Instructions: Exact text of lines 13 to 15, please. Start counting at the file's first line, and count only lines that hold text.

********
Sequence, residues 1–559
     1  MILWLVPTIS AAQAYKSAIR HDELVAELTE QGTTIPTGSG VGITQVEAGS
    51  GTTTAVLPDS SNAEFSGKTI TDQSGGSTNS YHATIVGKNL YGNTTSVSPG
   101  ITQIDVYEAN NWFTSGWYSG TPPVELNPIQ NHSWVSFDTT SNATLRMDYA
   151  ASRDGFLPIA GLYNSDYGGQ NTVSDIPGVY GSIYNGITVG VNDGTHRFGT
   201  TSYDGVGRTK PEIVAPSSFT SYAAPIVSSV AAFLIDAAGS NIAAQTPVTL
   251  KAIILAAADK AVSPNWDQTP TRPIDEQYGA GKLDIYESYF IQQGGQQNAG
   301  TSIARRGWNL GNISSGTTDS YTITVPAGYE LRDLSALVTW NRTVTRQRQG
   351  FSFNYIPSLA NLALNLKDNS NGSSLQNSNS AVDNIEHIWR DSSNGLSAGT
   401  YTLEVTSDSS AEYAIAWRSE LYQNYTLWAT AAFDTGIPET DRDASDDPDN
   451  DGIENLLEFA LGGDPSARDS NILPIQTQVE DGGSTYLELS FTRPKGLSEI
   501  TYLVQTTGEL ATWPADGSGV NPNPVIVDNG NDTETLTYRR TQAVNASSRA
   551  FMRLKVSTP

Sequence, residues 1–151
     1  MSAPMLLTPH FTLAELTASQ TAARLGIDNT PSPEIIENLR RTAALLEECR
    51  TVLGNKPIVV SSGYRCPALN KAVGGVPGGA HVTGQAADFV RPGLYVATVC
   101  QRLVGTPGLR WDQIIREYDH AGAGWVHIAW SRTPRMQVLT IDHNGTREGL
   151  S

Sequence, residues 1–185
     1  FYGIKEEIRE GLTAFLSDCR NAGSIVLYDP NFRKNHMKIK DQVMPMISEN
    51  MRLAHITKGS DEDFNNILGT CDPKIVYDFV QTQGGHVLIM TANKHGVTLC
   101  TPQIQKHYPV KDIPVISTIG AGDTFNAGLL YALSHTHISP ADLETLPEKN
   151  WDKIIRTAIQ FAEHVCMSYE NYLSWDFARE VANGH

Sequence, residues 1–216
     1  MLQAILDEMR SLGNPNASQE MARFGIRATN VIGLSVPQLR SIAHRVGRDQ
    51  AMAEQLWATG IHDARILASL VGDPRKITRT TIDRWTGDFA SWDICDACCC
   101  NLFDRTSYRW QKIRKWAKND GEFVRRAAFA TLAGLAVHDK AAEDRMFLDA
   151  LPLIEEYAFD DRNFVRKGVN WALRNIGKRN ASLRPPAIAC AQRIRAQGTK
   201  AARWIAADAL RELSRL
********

   551  FMRLKVSTP

Sequence, residues 1–151
     1  MSAPMLLTPH FTLAELTASQ TAARLGIDNT PSPEIIENLR RTAALLEECR